Olympic torch relay 'generated millions' for Cornwall

Ben Ainslie
Image caption Olympic champion Ben Ainslie, who learned to sail in Cornwall, was the first torch bearer at Land's End

Hosting the start of the Olympic torch relay last year cost about £120,000, but generated nearly £4m for the local economy, Cornwall Council has said.

About 100,000 people turned out to watch Olympic sailing hero Ben Ainslie set off with the torch from Land's End.

With an estimated billion people watching, the council said the media coverage "equated to a public relations value in excess of £17m".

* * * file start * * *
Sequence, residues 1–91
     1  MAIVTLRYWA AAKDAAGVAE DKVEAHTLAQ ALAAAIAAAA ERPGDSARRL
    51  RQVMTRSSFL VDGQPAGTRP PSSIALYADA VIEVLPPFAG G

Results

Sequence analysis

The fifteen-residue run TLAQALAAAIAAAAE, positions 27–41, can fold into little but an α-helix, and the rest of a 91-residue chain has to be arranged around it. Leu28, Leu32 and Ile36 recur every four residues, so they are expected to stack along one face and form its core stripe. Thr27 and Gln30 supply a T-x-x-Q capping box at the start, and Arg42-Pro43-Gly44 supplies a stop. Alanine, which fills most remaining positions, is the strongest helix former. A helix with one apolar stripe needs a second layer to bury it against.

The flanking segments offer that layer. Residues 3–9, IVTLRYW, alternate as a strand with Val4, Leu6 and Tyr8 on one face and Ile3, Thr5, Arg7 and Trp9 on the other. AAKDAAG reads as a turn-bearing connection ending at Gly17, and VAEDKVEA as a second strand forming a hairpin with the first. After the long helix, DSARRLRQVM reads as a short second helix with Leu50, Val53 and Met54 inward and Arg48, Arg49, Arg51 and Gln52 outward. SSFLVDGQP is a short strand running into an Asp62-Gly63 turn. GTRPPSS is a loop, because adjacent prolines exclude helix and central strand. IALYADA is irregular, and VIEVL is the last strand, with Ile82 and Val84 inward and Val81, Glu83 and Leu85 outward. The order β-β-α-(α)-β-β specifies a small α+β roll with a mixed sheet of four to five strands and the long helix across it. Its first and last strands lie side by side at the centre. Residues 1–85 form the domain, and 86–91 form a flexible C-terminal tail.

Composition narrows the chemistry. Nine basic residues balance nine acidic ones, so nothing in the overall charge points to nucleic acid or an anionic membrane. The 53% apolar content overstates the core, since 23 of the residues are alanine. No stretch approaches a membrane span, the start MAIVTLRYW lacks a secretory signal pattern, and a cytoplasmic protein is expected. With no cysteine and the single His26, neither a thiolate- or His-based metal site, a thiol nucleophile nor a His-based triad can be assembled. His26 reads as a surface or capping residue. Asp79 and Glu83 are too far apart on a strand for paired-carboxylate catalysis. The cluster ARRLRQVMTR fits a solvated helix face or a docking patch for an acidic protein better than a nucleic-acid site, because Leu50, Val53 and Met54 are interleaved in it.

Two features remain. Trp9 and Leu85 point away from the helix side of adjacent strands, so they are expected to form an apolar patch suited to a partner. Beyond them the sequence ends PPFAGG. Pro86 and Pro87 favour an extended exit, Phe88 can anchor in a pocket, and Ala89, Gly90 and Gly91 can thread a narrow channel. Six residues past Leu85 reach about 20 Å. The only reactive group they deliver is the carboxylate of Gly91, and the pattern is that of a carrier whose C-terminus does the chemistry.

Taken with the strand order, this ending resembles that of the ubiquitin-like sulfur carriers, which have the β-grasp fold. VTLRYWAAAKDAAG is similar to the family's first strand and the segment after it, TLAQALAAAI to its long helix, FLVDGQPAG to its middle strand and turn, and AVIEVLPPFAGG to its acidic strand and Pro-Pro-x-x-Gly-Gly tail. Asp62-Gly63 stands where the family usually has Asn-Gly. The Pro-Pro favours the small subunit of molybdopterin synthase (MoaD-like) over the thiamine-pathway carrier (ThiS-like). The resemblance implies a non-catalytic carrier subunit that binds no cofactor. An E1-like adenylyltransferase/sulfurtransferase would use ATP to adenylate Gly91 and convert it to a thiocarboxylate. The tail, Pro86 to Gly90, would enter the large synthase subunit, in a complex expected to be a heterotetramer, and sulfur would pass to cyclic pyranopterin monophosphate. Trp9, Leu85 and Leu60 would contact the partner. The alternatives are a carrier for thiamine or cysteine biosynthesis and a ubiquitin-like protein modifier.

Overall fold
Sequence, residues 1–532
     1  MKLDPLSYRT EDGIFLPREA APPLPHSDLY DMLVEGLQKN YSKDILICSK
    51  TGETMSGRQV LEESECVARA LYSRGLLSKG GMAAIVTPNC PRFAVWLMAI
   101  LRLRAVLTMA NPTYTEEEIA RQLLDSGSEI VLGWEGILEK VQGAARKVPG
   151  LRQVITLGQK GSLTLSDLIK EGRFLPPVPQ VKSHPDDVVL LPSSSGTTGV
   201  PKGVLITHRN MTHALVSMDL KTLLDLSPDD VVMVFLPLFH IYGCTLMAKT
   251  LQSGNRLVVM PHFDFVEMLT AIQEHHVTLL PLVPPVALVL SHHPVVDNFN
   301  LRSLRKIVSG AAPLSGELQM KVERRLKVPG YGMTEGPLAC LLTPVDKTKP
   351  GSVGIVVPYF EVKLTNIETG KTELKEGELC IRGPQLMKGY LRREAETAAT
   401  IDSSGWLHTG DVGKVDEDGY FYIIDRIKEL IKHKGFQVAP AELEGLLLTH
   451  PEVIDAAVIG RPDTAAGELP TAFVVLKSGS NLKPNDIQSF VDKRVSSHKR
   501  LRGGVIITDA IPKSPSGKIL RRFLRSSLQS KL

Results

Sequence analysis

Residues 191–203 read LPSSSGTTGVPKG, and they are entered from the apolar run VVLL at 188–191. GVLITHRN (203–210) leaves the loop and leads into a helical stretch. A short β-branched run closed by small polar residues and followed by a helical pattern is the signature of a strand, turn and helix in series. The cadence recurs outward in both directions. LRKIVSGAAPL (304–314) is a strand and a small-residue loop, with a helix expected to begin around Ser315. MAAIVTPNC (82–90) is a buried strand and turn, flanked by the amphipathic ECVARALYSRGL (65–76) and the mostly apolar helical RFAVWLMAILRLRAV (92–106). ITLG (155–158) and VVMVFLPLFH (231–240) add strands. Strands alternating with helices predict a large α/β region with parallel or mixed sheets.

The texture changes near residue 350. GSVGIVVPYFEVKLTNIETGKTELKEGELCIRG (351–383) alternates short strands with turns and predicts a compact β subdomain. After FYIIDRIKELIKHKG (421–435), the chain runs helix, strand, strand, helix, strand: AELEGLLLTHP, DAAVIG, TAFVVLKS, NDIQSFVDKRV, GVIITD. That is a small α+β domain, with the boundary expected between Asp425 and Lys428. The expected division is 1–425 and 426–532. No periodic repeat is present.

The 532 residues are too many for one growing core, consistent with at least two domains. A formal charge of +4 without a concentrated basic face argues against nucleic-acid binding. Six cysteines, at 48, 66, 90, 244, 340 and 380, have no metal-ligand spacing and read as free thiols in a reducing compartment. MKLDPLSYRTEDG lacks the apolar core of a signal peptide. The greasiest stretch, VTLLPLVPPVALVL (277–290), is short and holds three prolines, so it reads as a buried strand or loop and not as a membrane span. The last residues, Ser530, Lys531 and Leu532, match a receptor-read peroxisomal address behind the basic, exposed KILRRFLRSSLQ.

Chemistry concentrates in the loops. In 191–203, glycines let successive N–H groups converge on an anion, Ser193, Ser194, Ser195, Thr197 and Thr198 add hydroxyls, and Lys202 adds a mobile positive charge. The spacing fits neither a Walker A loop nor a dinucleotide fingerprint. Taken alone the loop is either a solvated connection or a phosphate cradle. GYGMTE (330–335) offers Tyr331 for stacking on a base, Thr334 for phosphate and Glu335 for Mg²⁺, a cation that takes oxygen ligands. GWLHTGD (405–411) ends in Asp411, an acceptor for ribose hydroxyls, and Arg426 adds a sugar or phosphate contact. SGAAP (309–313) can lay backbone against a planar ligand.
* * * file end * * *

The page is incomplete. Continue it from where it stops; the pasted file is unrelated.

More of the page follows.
Plymouth, Torbay and Devon councils also spent a total of £120,000.

Plymouth City Council said it spent nearly £99,000, Torbay spent about £11,000 and Devon County Council said its costs were £10,000.

'Unique opportunity'

The 70-day relay, which set of on 19 May 2012, covered 8,000 miles and involved 8,000 runners, finishing in London on 27 July with the lighting of the Olympic flame.

Cornwall Council said the Duchy had been "extremely lucky" to be chosen to host the arrival of the Olympic flame into the UK from Greece and start the relay.

"This provided a unique opportunity to showcase what Cornwall has to offer to a national audience and, indeed, across Europe and worldwide," a spokesperson said.

According to figures obtained by the Press Association under the Freedom of Information Act, local authorities in England paid an average of about £40,000 to host the torch.

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